With sitting, it is not necessarily the fact that we sit that is the problem. It is more the fact that we tend to sit without moving for so long and that is where the quote above makes sense. You see, we need to move regularly and that is why your best sitting position is the one you will move to next.
With that in mind though, there are good and bad ways to sit and there is definitely a good place to start After doing some research on this, I came across several people who all suggested a similar ideal starting position.
- Sit on the edge of your chair (effectively making it a stool) and rock your pelvis forward so the weight of your upper body is in the Ischial Tuberosities (the bones of your bum).
- Sit up nice and tall and turn on your core so you have some stability in the area.
- Have your knees just outside hip width to create some stability in the pelvis.
- Have your feet flat on the ground.
- Aim to have 60% of your weight on your pelvis and 40% of your weight on your feet.
- This is an ‘ideal’ position to sit in. You are probably thinking, how am I supposed to sit like this all day? The answer is you are not. The idea is that you need to move, ideally every 20-30 minutes. If you haven’t sat like this for a while, you will likely not have the postural strength to support it for a long period of time, so it is worth working on. When I switched to a stool in my chiropractic office it took a while to build up strength, but now I am happy using a stool. Try sitting like this for 20 minutes and then sit back into the chair and use the backrest to give your back a break. Over the course of a few weeks you will notice your postural strength improve and you will be able to ‘sit up straight’ for longer.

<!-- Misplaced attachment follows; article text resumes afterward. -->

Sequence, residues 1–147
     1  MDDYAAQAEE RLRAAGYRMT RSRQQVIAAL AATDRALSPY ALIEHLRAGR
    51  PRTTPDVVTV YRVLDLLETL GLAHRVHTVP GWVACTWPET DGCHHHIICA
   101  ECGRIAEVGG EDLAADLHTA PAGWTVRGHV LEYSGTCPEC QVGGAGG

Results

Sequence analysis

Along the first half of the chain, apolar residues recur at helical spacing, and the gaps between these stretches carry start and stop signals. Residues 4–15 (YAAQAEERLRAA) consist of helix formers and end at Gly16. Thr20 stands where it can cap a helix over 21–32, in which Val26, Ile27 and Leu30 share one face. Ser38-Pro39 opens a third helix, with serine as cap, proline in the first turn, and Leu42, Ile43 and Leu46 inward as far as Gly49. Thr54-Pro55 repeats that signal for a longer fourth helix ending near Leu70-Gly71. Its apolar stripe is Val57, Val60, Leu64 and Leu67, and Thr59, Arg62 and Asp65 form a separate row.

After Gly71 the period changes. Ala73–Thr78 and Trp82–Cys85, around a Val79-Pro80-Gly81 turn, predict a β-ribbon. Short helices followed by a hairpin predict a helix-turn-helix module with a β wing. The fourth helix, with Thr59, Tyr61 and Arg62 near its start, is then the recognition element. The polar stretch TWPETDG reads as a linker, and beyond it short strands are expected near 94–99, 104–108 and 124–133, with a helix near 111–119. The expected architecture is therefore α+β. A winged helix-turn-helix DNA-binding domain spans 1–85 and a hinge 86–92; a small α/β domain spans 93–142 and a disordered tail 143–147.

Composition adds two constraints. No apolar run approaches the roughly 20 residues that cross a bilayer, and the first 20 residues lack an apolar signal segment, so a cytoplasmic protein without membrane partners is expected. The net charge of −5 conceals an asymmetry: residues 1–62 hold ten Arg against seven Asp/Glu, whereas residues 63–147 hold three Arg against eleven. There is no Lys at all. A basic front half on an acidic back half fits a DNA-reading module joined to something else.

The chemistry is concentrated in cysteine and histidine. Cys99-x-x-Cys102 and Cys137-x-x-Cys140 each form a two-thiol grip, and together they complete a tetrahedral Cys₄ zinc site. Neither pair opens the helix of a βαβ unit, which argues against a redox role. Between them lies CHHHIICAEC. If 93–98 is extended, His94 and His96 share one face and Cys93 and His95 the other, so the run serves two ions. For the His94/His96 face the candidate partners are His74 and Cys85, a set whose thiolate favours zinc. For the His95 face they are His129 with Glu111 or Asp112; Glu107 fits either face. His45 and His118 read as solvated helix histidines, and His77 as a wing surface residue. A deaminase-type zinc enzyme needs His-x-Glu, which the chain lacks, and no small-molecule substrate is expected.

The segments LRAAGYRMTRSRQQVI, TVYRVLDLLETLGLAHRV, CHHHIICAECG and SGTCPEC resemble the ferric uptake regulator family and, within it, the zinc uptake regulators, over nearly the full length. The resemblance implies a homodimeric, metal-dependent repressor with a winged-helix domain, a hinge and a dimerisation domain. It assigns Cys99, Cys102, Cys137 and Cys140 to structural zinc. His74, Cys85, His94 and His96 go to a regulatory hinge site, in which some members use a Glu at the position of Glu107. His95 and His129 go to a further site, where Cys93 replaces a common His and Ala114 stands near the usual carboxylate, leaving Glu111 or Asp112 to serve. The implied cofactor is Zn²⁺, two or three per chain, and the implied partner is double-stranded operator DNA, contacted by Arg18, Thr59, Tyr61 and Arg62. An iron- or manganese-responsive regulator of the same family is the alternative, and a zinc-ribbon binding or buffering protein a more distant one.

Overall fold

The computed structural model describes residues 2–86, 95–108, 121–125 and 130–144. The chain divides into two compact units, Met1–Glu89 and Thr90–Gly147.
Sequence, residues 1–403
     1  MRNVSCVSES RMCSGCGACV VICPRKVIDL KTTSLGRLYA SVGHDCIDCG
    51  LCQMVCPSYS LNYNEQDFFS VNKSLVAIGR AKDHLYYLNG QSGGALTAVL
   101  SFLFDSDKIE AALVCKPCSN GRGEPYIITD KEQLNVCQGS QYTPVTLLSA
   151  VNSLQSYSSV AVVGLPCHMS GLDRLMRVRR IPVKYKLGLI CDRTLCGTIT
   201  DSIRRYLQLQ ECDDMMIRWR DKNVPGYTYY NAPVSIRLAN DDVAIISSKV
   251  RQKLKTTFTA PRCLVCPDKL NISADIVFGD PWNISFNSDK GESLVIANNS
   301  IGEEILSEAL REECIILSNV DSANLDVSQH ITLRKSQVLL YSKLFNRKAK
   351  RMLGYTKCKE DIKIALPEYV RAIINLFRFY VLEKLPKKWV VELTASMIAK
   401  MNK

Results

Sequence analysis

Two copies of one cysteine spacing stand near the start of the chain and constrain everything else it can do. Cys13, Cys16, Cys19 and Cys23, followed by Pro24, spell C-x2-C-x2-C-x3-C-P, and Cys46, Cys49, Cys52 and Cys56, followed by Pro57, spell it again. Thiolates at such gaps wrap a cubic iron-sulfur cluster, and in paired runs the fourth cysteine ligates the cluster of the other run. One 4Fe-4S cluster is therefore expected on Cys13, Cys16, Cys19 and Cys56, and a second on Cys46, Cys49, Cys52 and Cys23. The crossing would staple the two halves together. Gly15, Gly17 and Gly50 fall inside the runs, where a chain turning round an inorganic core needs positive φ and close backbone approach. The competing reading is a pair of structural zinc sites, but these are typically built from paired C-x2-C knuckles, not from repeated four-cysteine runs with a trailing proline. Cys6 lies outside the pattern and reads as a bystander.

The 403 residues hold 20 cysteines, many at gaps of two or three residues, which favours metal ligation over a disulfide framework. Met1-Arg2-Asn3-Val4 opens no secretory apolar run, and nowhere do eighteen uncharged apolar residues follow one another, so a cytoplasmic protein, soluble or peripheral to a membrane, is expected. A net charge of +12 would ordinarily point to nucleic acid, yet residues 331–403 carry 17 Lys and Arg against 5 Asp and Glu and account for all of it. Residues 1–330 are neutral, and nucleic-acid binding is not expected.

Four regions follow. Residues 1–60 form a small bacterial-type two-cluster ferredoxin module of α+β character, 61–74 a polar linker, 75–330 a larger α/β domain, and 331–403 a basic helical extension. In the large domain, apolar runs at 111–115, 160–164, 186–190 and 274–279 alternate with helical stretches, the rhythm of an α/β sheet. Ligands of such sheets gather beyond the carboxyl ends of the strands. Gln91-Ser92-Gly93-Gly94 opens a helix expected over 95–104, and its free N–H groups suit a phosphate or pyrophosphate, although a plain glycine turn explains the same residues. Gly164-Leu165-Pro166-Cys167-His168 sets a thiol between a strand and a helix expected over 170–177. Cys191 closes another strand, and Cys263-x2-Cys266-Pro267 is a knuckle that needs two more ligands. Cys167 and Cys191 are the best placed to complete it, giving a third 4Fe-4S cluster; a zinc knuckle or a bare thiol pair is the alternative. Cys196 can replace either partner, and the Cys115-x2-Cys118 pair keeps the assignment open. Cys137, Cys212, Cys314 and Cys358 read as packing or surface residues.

- Why no backrest? According to Dr Starrett there are two advantages for not using a back rest. Firstly it encourages you to keep your trunk tight which means a more supported spine. Secondly, it keeps the weight off your Femurs and hamstrings. Sitting in the back of the chair with your pelvis rolled back puts lots of pressure on the femurs and hamstrings which they are not designed for and can lead to hip problems.
- Perching on the edge of your chair enables better use of sitting ergonomics. When you sit and lean back in the chair invariably you will need to reach forward to use the mouse and type. This compromises ideal posture and puts pressure on your shoulders, neck and upper back.
- This position requires what we call active sitting. Basically, this means you have to actively sit there, rather than just flop against a chair or lean on armrests. (A chair like the Tip Ton chair is great for enabling active sitting. These are a chairs we have in our reception area. See what you think when you are in next).
- Listen to your body. If you are sitting and feel aches or pains, then make sure you move.
- Changing positions is great, but once and hour it is important to get up and have walk around, do a few simple stretches and get your blood pumping again. Even if you sit in the best possible position, but you sit there all day, it is still going to cause you harm. Movement is life.
This sitting position should be the go to starting position when sitting. As the quote at the start said, your best position is your next one, so you do need to move regularly. In my next post I will discuss a few other positions that you can try when sitting, but in the meantime, practice this one. Your body will thank you for it.
- Starrett, K. Deskbound: Standing up to a sitting world. Victory Belt Publishing, 2016
- Image: Starrett, K. Deskbound: Standing up to a sitting world. Victory Belt Publishing, 2016
- American Posture Institue. http://www.americanpostureinstitute.com